Shedding Light on the Dark Web
If an identity thief manages to steal a tax preparer’s client data, where does it go? An IRS investigator gives us a chilling roadmap for stolen data’s journey—from closely guarded identification to illegal commodity.
James Daniels is an IRS special agent in the agency’s Criminal Investigations (CI) cybercrimes division. He was the featured speaker in a recent IRS webinar on computer security held as part of National Tax Security Awareness Week.
Daniels says private information stolen from taxpayers or tax preparers frequently winds up in a dark corner of the Internet termed the Dark Web. The best analogy, he says, is to think of the Internet as a deep ocean. At the top is the Surface Web, inhabited by the websites that can be seen without restriction. On the On the Surface Web, no one needs a username or password to see content. Corporate websites, government agency public information sites and other freely available websites all are in the Surface Web.
The next layer, termed the Deep Web, is made up of websites that do require usernames and passwords to access. Daniels estimates roughly 95 percent of the total content on the Internet is in the Deep Web. Here you find banking, health care, tax, and other sites all guarded by security measures.
Within the Deep Web is an area that ensures the highest degree of anonymity to its visitors: the Dark Web. Originally created by the U.S government, the Dark Web was designed to transmit military information securely via the Internet. The military eventually opened the Dark Web to other users, Daniels says, to keep tabs on them.
Everything within the Dark Web is encrypted; in fact, to access anything within this cyberspace requires special software. The main key to get in is a free plug-in for the Mozilla Firefox browser called TOR, which stands for The Onion Router.
“The name comes from how TOR encrypts your Internet traffic, which is like the layers of an onion,” Daniels says. “If you’re using TOR with a Firefox browser, all the information is sent to a series of three network servers and is encrypted by each server in turn. The aim is to obscure your IP address, keeping you anonymous.”
Shopping for Cyber-Crooks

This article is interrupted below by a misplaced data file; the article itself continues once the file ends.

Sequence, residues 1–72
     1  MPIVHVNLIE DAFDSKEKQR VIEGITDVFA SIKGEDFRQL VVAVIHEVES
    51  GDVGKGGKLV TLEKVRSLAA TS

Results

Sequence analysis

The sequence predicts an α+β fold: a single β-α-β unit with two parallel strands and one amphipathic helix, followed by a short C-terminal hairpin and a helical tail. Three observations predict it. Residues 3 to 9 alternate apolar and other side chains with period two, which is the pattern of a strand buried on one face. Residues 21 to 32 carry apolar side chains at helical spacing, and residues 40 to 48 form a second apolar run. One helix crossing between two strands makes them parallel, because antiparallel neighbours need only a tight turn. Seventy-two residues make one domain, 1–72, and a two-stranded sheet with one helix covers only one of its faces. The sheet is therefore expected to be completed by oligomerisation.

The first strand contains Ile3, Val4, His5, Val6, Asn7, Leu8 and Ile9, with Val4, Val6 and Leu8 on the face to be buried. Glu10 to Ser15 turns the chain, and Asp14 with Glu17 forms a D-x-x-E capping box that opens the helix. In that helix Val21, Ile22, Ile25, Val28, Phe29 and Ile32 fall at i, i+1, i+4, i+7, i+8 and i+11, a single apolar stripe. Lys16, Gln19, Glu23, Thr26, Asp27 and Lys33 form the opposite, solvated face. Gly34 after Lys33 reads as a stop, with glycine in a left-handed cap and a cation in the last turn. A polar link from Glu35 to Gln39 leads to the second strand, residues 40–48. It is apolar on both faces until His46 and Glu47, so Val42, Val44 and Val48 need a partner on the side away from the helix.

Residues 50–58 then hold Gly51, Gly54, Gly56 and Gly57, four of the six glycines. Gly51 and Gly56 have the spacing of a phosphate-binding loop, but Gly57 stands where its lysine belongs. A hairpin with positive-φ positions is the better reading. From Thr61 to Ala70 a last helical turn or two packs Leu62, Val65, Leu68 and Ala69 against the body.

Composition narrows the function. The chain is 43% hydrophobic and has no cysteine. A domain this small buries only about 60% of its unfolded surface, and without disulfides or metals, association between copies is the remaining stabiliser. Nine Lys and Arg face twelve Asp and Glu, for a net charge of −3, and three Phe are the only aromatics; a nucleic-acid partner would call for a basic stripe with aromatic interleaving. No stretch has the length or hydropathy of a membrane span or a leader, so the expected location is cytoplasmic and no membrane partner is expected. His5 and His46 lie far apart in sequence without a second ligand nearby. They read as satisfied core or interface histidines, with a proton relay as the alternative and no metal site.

Once client tax information is stolen, it’s usually sent to the Dark Web, where it’s sold to eager identity thieves looking to use the identities to file bogus income tax returns and get thousands of dollars in fraudulent refunds.
The thieves market looks and operates just like legitimate shopping site on the Surface Web—except the offerings include illegal drugs, weapons, stolen identities and more.
“The most sought-after stolen identities are called ‘fulz,’” Daniels says. “That means the stolen files include the full name, SSN, address and bank account numbers. Fulz can go for as much as $40 each.” Social Security numbers without the other supporting data, if bought in bulk, could go for $1 each—or even less, depending on the number of SSNs bought.
And Daniels reminds that the holiday season is a busy time for cybercriminals. “It’s shopping season for identity thieves too,” he says.
Payment for stolen data is always in cryptocurrency: Bitcoin, Ethereum, Litecoin, and Ripple, to name a few. And like the Dark Web, cryptocurrency is designed to preserve anonymity.
Not All Bad
So does anyone use the Dark Web other than criminals? Absolutely, said Daniels. Some countries prohibit their citizens from talking or communicating freely with people outside the country. In other cases, whistleblowers need to pass along alerts of misdeeds away from the prying eyes of others. And intelligence agencies also use the Dark Web as a conduit for reports from dangerous locations.
All these examples—and others—need a secure way to transmit information without giving away their locations or identities. The Dark Web allows them to do that.
Come in from the Dark
How can you protect yourself from being a victim of cybercrime and identity theft? Daniels says every tax professional should use a firewall and other security protection and make sure it’s always on. Use longer, stronger passwords; passphrases are better than passwords. Learn to spot suspicious emails that may be phishing attempts and don’t click on any link in any email sent by an unknown source.
“The most common way to steal data is to ask for it,” Daniels says.
Remember to avoid “open” public Wi-Fi networks. Such unsecured networks allow outsiders to see the traffic the network carries and offer no protection from hackers or identity thieves.
“Treat your data like you would cash,” Daniels says. “You wouldn’t just leave cash sitting out on a table in a public place like a coffee shop. Don’t do basically the same thing with your data.”